• Thanks, Lisa.

          If you went to a state/public primary school in New Zealand (you mention the problems of making assumptions where people are coming from) then your teacher and school decided to incorporate some education about religions into your social studies and history studies. Learning about religions is not integral to the New Zealand Curriculum. Do let us know if your child is learning about religions in social studies and history currently as you did when at school – I would think most schools would shy away from this.

          If you went to a state/public primary school in New Zealand, the CEC programme was in place then, of course, just as it is now.

          My expectation would be that a young person could identify the different world religions in the picture at the top of my post, explain their differences, their relationship, and mention which other major world religions are missing, and how they are similar and different. It is clear to me from some comments that many are not able to do this. In our pluralist global village, I find this unacceptable.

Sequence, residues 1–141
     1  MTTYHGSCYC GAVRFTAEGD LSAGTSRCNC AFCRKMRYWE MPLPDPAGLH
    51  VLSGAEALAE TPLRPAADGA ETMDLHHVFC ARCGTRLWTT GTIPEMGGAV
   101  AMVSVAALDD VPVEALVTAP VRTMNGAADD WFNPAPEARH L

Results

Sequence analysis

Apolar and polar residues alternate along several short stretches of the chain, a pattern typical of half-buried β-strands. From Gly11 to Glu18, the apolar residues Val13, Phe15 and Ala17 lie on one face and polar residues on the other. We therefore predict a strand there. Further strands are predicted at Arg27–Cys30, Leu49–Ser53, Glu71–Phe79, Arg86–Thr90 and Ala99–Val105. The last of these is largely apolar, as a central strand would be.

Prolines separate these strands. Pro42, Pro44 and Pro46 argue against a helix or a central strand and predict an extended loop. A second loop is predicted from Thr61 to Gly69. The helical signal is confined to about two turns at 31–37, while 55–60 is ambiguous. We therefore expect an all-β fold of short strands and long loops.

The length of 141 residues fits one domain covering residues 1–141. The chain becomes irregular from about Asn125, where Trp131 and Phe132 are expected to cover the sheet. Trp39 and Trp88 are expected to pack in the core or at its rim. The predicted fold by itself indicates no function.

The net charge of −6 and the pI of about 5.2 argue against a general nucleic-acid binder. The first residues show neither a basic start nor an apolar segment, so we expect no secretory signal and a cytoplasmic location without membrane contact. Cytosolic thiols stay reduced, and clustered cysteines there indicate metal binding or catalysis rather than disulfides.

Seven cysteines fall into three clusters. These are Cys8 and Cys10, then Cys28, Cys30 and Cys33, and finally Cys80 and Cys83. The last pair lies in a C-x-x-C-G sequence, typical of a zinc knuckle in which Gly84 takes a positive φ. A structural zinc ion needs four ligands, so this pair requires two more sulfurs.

If your child is being intentionally evangelised in a state primary school in NZ you have steps that can be taken. Just as you would if you or your child was intentionally evangelised in a social studies or history or science or other context. Encouraging our strange law to change to have religious education as an integral part of our NZ Curriculum would be a positive step forward.

          Blessings.

          • Bosco, you are sorely mistaken as to your statement, “your teacher and school decided” it is the principal and the BOT. Non religious teachers have been stigmatized, bullied, and gagged, and have to endure the humiliation of watching untrained volunteers preach to children about “praying to jesus” while being unable to speak of their own beliefs and values.

            The intention of the current “strange system”, in law, is to permits children to be indoctrinated in to religious belief, and it is that aspect alone, that many now find repugnant, and unethical, particularly when it is presented under the euphemism, “education”.